For the past five years, I’ve been working a full-time job while running my business during the free hours of my evenings and weekends.
During those years, I had to get pretty darn good at working from home. After all, I was doing basically a full-time workload in just the few hours of spare time I had each day.
Then, at the end of February 2020, I quit my job to run my business full-time. I knew there would be a bit of an adjustment with working from home full-time. But I also figured I’d adjust pretty quickly.
Needless to say, things didn’t quite go as planned.
Right around the time my new life of self-employment hit, so did COVID-19 in the United States and the world started to shut down.
While I had already expected to be working from home, my husband was now unexpectedly joining me, as his office was forced to close down.
Even though I’ve been practicing working from home for years, the past month has definitely been a learning experience.
In this article, I’m sharing some of the best work-from-home tips. Some of these are ones that have been my go-to’s over the past five years, while others I’ve picked up just over the last month of Brandon and I working from home together.
Productivity Tips for Working From Home
Set up a devoted workspace
For my first few years of blogging, I would usually work from the couch while I had a television show or movie on in the background. To be honest, everything probably took about four times as long as it needed to.
Finally I learned just how important a devoted workspace was.
I’ve had a workspace set up in three different homes. In the home that I owned, I had a dedicated office. In the studio apartment, I set up a small dining table as an office. And how I have a desk set up in our apartment where I work.
We were thrown for a bit of a loop when Brandon also had to begin working from home in March and we only had one desk, which I was already using. We’ve now got him set up at the kitchen table with his three monitors.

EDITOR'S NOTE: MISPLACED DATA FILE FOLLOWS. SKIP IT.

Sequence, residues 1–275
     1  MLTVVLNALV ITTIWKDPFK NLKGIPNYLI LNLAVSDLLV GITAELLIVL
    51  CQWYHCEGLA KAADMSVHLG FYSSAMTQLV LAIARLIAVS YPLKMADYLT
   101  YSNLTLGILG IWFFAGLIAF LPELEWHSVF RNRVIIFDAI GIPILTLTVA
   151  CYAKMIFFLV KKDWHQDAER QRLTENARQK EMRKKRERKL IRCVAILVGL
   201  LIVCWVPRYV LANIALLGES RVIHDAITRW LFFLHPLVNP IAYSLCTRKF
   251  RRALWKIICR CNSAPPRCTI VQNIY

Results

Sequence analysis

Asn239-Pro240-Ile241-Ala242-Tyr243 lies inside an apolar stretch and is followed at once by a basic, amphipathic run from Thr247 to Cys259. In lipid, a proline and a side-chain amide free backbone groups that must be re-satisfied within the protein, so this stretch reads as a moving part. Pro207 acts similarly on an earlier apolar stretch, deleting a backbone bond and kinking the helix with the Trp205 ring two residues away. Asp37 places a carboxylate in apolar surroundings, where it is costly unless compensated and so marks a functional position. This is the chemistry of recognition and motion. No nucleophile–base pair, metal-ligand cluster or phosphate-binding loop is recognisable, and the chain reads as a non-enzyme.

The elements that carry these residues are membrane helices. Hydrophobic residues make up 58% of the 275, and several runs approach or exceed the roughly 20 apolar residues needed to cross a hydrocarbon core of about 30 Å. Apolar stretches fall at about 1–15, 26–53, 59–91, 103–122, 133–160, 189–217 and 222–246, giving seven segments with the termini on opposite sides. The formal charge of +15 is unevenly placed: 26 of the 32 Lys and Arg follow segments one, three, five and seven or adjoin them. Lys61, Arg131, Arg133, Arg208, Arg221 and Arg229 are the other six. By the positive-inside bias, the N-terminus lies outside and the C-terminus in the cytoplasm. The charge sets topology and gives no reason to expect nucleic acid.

The devoted workspace is super important for a few reasons. First of all, sitting down at a desk gets me in work mode. For some reason, it’s a lot easier for me to focus. I’m also a lot less tempted to turn on the TV when I’m not sitting on the couch right in front of it.
I knew that transitioning from being a full-time employee to being self-employed would be a huge switch, and I wanted to set myself up in every way possible for success.
Try to maintain a morning routine
When you work outside the home, you naturally figure out a morning routine that works for you, even if you’re always rushing through it to get out the door on time.
You wake up to your alarm and get yourself ready for work. Maybe you’re one of those people who has a cup of coffee and some breakfast. Then you grab your lunch and pack your bag before heading out the door.
But when you work from home, things are a little different. You don’t necessarily need to get ready. You can work in your pajamas and let’s be real, no one is going to notice if you’ve washed your hair or not.
As someone who is not a morning person at all, this has been the toughest part about working from home for me. It does help, however, that my husband has to get up and start work at a normal time of the morning.
If you’re struggling to get into work mode in the morning, try getting ready as you would if you were working outside the home. I’m not saying you need to put on makeup and style your hair (I definitely don’t), but try changing out of your PJs and having some semblance of a morning routine.
Set a rough schedule ahead of time
One thing I’ve learned about my work style is that I can spend a lot of time staring at my phone or going through my email inbox if I don’t know exactly what I’m supposed to be working on at any given time.
I’m not kidding when I say I could spend half my day this way.
One trick I’ve learned to help keep me on track is to map out a schedule for myself. I do this at least the day before, and I take all of my tasks and actually put them on my calendar.
At any given time, I can glance at my Google Calendar and see what I’m supposed to be working on next. Because it’s a digital calendar, I can also easily move things around if need be.
I like to use time blocking to help me map out my schedule. Time blocking is when you block off certain chunks of your day for certain work.
For me, time blocking is usually how I indicate when I’ll be working on freelance articles, when I’ll be working on content for my own business, and when I’ll be tackling smaller tasks such as edits and administrative work.